Sunday, January 5, 2020

2019 saw the passing of two wonderful authors.
Let us remember them today.

Lea Wait ~ 8/10/19

Lea Wait grew up in Maine and New Jersey, majored in drama and English at Chatham College (now University) in Pittsburgh, Pennsylvania, and earned her MA and DWD in American Civilization at New York University. While raising the four daughters she adopted as a single parent Wait worked in public relations and strategic planning for AT&T. Once retiring, Lea wrote full-time and often spoke at schools, libraries and conferences. She was married to artist Bob Thomas, and has written about their life together in her Living and Writing on the Coast of Maine. Lea was the author of the Mainly Needlepoint Mysteries, the Shadows Antique (Antique Print) Mysteries, and the Maine Murder series written as Cornelia Kidd, as well historical mysteries for children and adults.

My favorite quotation is "Destiny is not a matter of chance, it is a matter of choice; it is not a thing to be waited for; it is a thing to be achieved." William Jennings Bryan wrote that, but I think it defines my life. ~ Lea Wait


M.C. Beaton ~ 12/30/19

Marion Chesney was known primarily for the more than 100 historical romance novels she has published under her own name and under several pseudonyms: Helen Crampton, Ann Fairfax, Jennie Tremaine, and Charlotte Ward. But with the creation of Constable Hamish Macbeth in 1985, she shifted from romances to writing the mystery novels that she is best known for writing under the pseudonym M.C. Beaton.
M.C. Beaton was the internationally bestselling author of both the AGATHA RAISIN and HAMISH MACBETH series, as well as numerous Regency romances. Her books have been translated into 17 languages and her AGATHA RAISIN mysteries have been made into an Acorn/Sky TV series starring Ashley Jensen. M. C. Beaton is consistently the most borrowed UK adult author in British libraries.
M.C. Beaton was born in Glasgow, Scotland. She started her first job as a bookseller in charge of the fiction department at John Smith & Sons Ltd. While bookselling, by chance, she received an offer from the Scottish Daily Mail to review variety shows and quickly rose to become their theatre critic. She left Smith’s to join Scottish Field magazine as a secretary in the advertising department, without any shorthand or typing experience, but quickly got the job of fashion editor instead. She then moved to the Scottish Daily Express where she reported mostly on crime. This was followed by a move to Fleet Street to the Daily Express where she became chief woman reporter.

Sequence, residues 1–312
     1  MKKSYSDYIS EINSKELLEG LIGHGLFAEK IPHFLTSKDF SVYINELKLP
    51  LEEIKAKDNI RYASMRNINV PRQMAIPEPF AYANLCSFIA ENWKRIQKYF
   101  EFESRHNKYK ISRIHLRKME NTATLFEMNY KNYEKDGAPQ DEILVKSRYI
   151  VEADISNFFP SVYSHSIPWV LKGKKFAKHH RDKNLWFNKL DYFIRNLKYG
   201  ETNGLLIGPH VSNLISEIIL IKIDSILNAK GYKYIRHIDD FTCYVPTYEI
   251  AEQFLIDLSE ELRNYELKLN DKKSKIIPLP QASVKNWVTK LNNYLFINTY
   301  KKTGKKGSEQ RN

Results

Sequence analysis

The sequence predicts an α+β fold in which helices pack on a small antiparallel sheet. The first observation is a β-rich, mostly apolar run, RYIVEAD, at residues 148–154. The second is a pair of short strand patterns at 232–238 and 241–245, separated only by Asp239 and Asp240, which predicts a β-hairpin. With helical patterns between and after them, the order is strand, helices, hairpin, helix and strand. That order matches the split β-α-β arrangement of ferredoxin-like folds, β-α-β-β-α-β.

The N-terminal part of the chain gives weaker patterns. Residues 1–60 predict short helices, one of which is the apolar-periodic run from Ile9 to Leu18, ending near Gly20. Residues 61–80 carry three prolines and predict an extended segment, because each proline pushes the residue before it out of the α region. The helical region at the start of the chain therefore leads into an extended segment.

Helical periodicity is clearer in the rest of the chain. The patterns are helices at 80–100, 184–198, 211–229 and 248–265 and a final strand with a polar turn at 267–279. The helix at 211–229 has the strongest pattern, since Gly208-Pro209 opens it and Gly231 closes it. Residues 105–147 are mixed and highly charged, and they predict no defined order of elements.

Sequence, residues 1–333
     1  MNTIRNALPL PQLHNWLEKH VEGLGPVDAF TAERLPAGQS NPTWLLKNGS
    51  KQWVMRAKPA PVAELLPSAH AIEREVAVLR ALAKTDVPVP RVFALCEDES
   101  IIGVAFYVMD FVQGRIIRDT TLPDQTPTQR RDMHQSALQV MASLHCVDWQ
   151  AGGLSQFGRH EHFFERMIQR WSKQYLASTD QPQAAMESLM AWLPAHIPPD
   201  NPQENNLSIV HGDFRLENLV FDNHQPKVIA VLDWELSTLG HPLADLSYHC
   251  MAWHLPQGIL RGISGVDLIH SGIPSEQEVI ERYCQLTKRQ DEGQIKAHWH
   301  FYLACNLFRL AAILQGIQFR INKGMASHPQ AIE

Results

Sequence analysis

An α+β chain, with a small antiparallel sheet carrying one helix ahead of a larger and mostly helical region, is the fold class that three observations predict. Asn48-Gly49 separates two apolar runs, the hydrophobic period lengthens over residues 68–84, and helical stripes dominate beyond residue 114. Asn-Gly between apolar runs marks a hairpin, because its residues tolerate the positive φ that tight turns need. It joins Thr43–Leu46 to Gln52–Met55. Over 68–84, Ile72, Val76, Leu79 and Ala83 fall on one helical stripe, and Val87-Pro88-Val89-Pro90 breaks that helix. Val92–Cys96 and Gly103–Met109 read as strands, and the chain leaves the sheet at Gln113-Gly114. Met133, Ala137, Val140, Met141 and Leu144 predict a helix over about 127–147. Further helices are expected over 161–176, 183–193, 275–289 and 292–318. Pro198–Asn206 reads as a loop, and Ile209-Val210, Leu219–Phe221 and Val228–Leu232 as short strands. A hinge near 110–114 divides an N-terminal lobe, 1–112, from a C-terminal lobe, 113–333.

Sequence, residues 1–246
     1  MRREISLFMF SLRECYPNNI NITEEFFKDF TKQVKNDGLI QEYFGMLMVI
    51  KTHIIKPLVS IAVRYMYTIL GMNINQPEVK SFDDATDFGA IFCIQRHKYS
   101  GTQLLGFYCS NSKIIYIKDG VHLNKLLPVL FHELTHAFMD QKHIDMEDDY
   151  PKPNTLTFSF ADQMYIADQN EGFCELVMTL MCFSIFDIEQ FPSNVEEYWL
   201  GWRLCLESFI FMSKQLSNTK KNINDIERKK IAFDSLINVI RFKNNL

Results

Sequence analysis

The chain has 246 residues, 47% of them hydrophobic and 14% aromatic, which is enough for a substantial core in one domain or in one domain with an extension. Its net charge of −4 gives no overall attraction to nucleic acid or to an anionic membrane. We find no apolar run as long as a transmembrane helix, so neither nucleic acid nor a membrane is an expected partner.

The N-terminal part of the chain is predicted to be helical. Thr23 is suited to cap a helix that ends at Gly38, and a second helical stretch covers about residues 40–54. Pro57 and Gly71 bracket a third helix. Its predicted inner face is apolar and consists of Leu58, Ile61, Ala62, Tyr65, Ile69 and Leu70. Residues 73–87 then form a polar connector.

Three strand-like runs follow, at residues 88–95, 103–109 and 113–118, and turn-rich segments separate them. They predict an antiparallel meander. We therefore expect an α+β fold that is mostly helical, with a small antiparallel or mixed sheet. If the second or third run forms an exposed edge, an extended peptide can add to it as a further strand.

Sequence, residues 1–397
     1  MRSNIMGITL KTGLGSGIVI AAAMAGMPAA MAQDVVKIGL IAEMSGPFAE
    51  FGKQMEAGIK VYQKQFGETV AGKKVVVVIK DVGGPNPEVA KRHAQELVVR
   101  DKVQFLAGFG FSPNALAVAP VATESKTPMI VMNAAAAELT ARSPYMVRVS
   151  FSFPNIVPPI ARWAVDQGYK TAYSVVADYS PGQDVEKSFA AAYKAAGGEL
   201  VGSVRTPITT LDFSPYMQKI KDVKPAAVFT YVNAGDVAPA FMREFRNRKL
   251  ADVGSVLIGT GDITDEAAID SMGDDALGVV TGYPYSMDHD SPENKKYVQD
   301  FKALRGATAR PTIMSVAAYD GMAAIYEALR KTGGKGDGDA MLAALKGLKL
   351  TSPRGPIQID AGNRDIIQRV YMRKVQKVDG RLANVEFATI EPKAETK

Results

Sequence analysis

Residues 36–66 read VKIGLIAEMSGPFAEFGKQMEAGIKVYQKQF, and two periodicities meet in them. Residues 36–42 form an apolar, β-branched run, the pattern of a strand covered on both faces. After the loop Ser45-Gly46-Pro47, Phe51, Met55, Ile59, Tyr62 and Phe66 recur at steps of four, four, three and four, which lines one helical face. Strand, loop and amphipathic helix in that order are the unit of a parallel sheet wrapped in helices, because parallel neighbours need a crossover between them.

After marrying Harry Scott Gibbons and having a son, Charles, Marion moved to the United States where Harry had been offered the position of editor of the Oyster Bay Guardian. They subsequently moved to Virginia and Marion worked as a waitress in a greasy spoon in Alexandria while Harry washed the dishes. Both then got jobs at Rupert Murdoch’s new tabloid, The Star, and moved to New York. Anxious to spend more time at home with her small son, Marion, supported by her husband, started to write Regency romances. After she had written close to 100, and had gotten fed up with the 1811 to 1820 period, she began to write detective stories under the pseudonym of M. C. Beaton. On a trip from the States to Sutherland on holiday, a course at a fishing school inspired the first Hamish Macbeth story. Marion and Harry returned to Britain and bought a croft house in Sutherland where Harry reared a flock of black sheep. When her son graduated, and both of his parents tired of the long commute to the north of Scotland, they moved to the Cotswolds, where Agatha Raisin was created.
I was fortunate enough to review for both of these authors. Their talent brought joy to so many. 
I've communicated with Lea through Facebook, and have featured her on my blog. She was a woman of intelligence, wit, and strength.
I never communicated with Ms. Beaton, and I wish I could change that. While preparing today's blog post, I discovered, as it states above, she was Marion Chesney. When I was a young woman, my mother and I both read Regency romances. Ms. Chesney's were among our favorites. I wish I could have shared that memory with her.

Death is the last chapter in time,
but the first chapter in eternity. ~ Unknown


  1. Well done, Lisa! They were both such strong women. They will be missed.